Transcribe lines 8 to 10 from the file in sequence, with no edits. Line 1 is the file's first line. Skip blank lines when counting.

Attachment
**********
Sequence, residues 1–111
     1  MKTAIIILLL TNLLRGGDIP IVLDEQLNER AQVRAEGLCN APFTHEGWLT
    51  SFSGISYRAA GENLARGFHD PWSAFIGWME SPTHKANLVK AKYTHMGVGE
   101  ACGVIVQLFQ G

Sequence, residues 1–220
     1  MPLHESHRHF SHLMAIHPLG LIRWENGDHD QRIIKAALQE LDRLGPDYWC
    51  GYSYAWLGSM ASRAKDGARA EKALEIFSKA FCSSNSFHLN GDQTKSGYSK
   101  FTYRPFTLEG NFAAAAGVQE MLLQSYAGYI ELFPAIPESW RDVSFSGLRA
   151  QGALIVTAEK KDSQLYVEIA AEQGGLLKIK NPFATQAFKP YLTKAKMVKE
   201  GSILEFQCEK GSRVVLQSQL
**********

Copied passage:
   101  FTYRPFTLEG NFAAAAGVQE MLLQSYAGYI ELFPAIPESW RDVSFSGLRA
   151  QGALIVTAEK KDSQLYVEIA AEQGGLLKIK NPFATQAFKP YLTKAKMVKE
   201  GSILEFQCEK GSRVVLQSQL